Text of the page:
In this real-time, high-stakes thriller, George Clooney and Julia Roberts star as financial TV host Lee Gates and his producer, Patty, who are put in an extreme situation when an irate investor who has lost everything (Jack O'Connell) forcefully takes over their studio. During a tense standoff broadcast to millions on live TV, Lee and Patty must work furiously against the clock to unravel the mystery behind a conspiracy at the heart of today's fast-paced, high-tech global markets.
George gets his comeupance
- Money Monster review by NC
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You rated this film: 3
Watch Network, with Peter Finch, to see the power of the press. Great film. Quite a few hostage/TV-coverage films, Al Pacino in Dog Day Afternoon had media support as well................Film jogs along and keeps attention, so worth a 3.
Money Monster is a fairly well put piece that just can’t for the love of god put its money where its mouth is. I’m purposefully over-exaggerating with analogies because this is exactly the cornerstone upon which Money Monster rests: expectations that don’t quite live up to the standard set forth in the sole beginning of the movie.
With an intriguing premise and the combined efforts of director Jodie Foster, all-star George Clooney and the always charming Julia Roberts, it seems like narration-wise – Money Monster’s story just doesn’t build up to fruition as it goes. By tackling the subject of morbid fascination with death and decay in a world full of it, the feature is providing a satiric touch upon a premise that finally overpromises and under-delivers.
Lee Gates (played by Clooney) anchors ‘Money Moster’, a full-blown, over-the-top series in which he frantically gives financial advice in regards to stock markets and stock trading. Unfortunately, due to a hiccup in the algorithm of trading (for which stockholders lose nearly 800 million pounds), certain CEO Walt Camby is summoned to the studio in order to shed light to whatever happened during the technical error.
And that’s when Jack O'Connell’s character enters the scene fully armed and demands explanations as to what happened.
In continuation, and we’re witnessing a cat-and-mouse chase in which greed topples whatever dignity honest people had left in them. George Clooney’s charisma plays well in the overall formula, providing excitement even when Foster’s real-time filming choice grinds to a halt.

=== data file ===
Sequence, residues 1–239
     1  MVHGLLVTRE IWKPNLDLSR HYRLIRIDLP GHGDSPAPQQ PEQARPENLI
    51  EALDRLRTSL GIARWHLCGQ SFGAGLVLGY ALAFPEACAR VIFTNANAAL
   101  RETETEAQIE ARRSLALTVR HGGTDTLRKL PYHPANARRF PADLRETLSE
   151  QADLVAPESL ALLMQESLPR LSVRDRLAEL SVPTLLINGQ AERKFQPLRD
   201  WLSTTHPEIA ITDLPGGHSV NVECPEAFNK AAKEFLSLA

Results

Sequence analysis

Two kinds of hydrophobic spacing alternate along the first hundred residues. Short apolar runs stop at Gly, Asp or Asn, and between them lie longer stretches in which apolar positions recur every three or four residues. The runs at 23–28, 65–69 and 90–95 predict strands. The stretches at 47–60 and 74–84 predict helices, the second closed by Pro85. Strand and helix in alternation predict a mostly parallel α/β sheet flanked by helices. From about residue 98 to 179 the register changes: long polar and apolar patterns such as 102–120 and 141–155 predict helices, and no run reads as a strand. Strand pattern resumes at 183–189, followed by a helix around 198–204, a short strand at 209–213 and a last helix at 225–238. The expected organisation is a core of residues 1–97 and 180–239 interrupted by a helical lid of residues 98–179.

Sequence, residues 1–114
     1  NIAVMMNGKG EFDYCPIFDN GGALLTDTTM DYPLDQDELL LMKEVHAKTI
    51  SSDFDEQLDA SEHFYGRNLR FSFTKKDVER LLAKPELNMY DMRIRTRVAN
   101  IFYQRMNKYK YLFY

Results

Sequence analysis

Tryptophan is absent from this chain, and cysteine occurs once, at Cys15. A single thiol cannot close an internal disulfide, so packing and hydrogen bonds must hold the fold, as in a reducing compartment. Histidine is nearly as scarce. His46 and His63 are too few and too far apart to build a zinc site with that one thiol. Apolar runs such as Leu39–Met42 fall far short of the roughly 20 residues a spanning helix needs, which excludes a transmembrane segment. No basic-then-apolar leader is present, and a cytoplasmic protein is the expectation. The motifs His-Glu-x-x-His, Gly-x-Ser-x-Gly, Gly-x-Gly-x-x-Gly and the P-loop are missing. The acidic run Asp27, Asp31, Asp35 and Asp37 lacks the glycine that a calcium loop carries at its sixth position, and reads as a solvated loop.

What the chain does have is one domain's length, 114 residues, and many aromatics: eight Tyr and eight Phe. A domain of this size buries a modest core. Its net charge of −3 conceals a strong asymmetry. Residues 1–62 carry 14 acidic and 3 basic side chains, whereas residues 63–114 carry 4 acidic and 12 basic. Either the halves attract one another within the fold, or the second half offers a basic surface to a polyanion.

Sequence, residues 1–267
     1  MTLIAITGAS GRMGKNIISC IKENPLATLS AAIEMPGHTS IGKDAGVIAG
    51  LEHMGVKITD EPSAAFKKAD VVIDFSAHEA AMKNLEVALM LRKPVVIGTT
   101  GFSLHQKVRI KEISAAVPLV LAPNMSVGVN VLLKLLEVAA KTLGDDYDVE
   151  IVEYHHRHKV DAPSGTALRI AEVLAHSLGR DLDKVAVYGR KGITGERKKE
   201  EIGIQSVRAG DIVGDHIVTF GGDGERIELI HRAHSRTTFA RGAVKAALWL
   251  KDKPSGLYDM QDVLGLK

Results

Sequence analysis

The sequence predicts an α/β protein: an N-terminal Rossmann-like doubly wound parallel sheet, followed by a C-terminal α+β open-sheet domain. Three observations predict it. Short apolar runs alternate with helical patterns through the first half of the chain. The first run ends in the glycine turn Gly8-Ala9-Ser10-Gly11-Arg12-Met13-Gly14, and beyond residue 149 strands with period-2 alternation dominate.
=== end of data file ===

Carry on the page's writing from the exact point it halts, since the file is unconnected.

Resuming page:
Other redeeming qualities are present, but realized well before the actual movie opens to its audience. Clooney’s character arc is worth mentioning, since his slimy persona of greed slowly turns to a man of conscience who seeks redemption from the very same he tricked for money. It’s also everything and anything we’ve already seen before, in better shape than anything Money Monster throws at us.
Overall, the message Money Monster channels is both contradictory, and overly pessimistic at that. On the one hand, Jodie Foster transfers blame of all constantly occurring ‘irregularities’ in modern finance to other entities – be it technical errors in software, ‘external players’ from overseas, or the ever-present danger that is the invisible, natural flow of the World – i.e. capitalism.
On the other, Money Monster doesn’t provide alternatives: it just bashes the current system without a call-to-arms for everyone to work harder and solve a current financial predicament, for the time being at least. And if you’re just bashing things without real essence, then you’re probably either Slavoj Zizek, or you just don’t care about the ways of the world.
That said, you can probably extrapolate some fun from Money Monster, but in order to do so – you may need to dig deeper to find it.